Quote
If the descriptions of a certain city are found to be incorrect, given what we have come to know about its topography, arability, archaeology, &c., then wouldn't we have to conclude that the transmission failed there? And if there, then where else?
 

Not necessarily.

Check, for instance, Prof. David King's The Petra fallacy - Early mosques do face the Sacred Kaaba in Mecca but Dan Gibson doesn't know how / Comparing historical orientations with modern directions can lead to false results
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Offline Kreuzritter

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Re: Muhammad: A Mercy to the Worlds?
« Reply #265 on: March 20, 2020, 09:32:35 AM »
Don't you have an ostensibly unwarranted mass panic to angrily lecture the world about?  Your insults are needed elsewhere, and more pressingly.

Not when the ultimate source of that lie and the ostensible deity who is the subject of this thread are one and the same.
 
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Offline Pon de Replay

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Re: Muhammad: A Mercy to the Worlds?
« Reply #266 on: March 20, 2020, 02:15:01 PM »
Don't you have an ostensibly unwarranted mass panic to angrily lecture the world about?  Your insults are needed elsewhere, and more pressingly.

Not when the ultimate source of that lie and the ostensible deity who is the subject of this thread are one and the same.

Are you saying it's the Jews?  Or Satan?
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Offline Kreuzritter

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Re: Muhammad: A Mercy to the Worlds?
« Reply #267 on: March 20, 2020, 04:12:05 PM »
Don't you have an ostensibly unwarranted mass panic to angrily lecture the world about?  Your insults are needed elsewhere, and more pressingly.

Not when the ultimate source of that lie and the ostensible deity who is the subject of this thread are one and the same.

Are you saying it's the Jews?  Or Satan?

I'm saying that the world itself is a lie, and the principalities and powers who rule it, the spiritual wickedness that oppresses us, finds its summit not in the pit with a pitchfork-waving beast but in high places.
 
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Offline Prayerful

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Re: Muhammad: A Mercy to the Worlds?
« Reply #268 on: March 20, 2020, 05:52:20 PM »
An intriguing documentary concerning the scholar Dan Gibson and his controversial theory that the city believed to be Mecca in the Qur'an was actually the ancient city of Petra.  I watched it because I thought it might have a focus on the theory (which I like, despite its dubiousness) that the Kaaba was originally a shrine to a Babylonian moon god.  As it turns out, it doesn't, but it's interesting in its own right.  Islam appears to have some serious questions around its geographical origins.  Tonight I intend to watch Tom Holland's Islam: The Untold Story, which I think is based around some of this same hypothesis.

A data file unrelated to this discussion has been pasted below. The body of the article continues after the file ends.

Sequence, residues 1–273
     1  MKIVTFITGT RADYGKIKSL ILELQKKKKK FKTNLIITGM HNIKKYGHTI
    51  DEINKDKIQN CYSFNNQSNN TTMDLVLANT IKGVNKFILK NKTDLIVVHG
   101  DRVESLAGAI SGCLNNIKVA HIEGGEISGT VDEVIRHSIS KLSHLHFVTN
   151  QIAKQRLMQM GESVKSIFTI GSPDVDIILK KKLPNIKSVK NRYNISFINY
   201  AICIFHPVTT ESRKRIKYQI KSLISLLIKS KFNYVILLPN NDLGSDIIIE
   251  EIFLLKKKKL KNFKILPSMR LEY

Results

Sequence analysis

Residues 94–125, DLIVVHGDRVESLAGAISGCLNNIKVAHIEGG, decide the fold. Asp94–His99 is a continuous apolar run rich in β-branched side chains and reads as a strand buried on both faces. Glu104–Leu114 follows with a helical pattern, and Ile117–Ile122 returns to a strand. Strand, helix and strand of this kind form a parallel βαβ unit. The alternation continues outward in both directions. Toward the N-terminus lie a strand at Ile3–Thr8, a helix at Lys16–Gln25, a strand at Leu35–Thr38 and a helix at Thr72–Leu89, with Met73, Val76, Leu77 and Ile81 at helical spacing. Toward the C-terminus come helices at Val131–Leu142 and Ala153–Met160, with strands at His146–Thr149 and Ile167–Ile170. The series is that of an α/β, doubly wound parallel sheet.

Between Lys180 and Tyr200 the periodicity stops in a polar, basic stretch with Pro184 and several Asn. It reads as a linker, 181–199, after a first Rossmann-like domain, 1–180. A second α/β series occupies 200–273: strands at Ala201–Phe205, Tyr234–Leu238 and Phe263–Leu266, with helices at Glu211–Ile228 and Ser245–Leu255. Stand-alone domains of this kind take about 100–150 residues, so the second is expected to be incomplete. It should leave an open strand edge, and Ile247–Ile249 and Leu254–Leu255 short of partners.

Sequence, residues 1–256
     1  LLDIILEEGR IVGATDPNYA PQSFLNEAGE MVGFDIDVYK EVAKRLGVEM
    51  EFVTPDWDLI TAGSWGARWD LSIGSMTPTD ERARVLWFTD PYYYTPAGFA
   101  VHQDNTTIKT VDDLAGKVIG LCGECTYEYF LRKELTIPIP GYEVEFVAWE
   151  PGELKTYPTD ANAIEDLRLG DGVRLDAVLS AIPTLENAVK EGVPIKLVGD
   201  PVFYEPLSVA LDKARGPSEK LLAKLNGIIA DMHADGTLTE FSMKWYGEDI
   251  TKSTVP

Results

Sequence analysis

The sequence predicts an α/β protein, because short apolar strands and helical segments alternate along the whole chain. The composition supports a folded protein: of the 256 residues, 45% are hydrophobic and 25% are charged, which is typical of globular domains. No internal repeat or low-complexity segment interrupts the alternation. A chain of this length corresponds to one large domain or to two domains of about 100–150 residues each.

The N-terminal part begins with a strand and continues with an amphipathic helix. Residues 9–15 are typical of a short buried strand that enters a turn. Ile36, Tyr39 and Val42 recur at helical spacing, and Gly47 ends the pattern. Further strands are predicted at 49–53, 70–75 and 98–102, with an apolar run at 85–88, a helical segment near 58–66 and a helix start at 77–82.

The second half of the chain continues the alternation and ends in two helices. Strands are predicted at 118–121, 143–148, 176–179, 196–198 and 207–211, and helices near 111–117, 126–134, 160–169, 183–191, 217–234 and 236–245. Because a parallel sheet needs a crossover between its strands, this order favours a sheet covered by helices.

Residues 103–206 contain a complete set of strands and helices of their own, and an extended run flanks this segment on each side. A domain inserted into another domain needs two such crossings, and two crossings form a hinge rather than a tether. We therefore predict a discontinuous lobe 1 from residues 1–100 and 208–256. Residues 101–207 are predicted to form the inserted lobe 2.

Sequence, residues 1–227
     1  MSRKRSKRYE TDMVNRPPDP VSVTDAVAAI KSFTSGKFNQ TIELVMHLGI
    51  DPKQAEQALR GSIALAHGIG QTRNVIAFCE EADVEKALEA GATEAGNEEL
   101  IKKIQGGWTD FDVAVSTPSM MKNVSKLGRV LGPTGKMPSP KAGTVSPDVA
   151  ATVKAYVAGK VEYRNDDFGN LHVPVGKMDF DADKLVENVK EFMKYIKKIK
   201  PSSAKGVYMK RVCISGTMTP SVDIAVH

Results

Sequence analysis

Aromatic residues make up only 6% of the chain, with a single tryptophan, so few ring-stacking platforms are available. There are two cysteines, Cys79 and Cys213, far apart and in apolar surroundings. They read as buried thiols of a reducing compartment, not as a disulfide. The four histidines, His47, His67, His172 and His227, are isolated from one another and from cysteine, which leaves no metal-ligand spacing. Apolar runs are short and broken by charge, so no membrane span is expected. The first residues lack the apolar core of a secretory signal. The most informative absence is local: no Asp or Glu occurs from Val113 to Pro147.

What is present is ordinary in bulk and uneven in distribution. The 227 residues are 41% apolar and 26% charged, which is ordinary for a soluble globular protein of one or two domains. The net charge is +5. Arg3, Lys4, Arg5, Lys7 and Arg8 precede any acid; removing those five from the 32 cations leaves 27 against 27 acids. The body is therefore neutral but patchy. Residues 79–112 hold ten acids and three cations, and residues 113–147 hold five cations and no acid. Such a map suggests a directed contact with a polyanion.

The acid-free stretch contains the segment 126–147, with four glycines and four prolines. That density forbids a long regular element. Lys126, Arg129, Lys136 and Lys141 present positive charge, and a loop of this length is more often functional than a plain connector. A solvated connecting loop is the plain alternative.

Thanks for sharing this, Pon. I'm familiar with this documentary. Dan Gibson presents one of the most popular critical theories concerning the origins of Islam right now. Patricia Crone is also another renowned champion of the revisionist school of Islamic studies, along with Michael Cook, Hans Jansen and many others. Besides the theory of Petra being the birthplace of the new religion, another popular theory is that the historical Muhammad didn't really exist at all and was a later construct of the Umayyad and Abbasid caliphates to unify and codify their religion as they challenged the Roman Christian Empire.

Of course, all this hinges upon the rejection of the historical value of the early Islamic texts, like the Sira literature of Ibn Ishaq and Ibn Hisham, as well as the Qur'an and the Hadith corpus.

One point I see made is that Mohammed was not a personal name, that it was title perhaps for a Hagarene military leader cum Prophet, another that the description of Mecca in al-Bukhari hadiths does not match the actual settlement, whether in respect of entry to the town, activities around or near it, a mention of crops and cattle, of lieutenants of Mohammed buying land when all concern were still deep in Arabia. Also that unattested in any clear way, until several decades after Mohammed, that there nothing of high value for a trade route to sustain a city. Incense was no longer in great demand since the near demise of paganism, and was anyhow shipborne. The Zoroastarian custom of keeping teeth clean with little pieces of wood was not a likely thing deep in Arabia, and where Quran 4:15 or 24:2) counsels admonishment and confinement for adulterers, the usual Islamic custom taken from a Bukhari hadith and other similar traditions, is for stoning, which was Talmudic. Another is the repeated insistence of the purity of Quranic Arabic, loaded though it is with Syriac terms, Allah being the most notable. The case I see is the starting point for Islam was perhaps Syrian and definitely later. What emerged out of Arabia was a Hagerene force who seemed tolerant of crosses on coins and figurative decoration, is suggested. Later rulers, first in Damascus and later Baghdad, give it the form we see now.

The matter is fascinating, but it can be a dangerous fascination.
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Offline mikemac

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Re: Muhammad: A Mercy to the Worlds?
« Reply #269 on: March 22, 2020, 01:01:14 PM »
Here's an interesting song by Bugs and Daffy.  Sing along if you know the words.


I gleaned so much from this, thank you.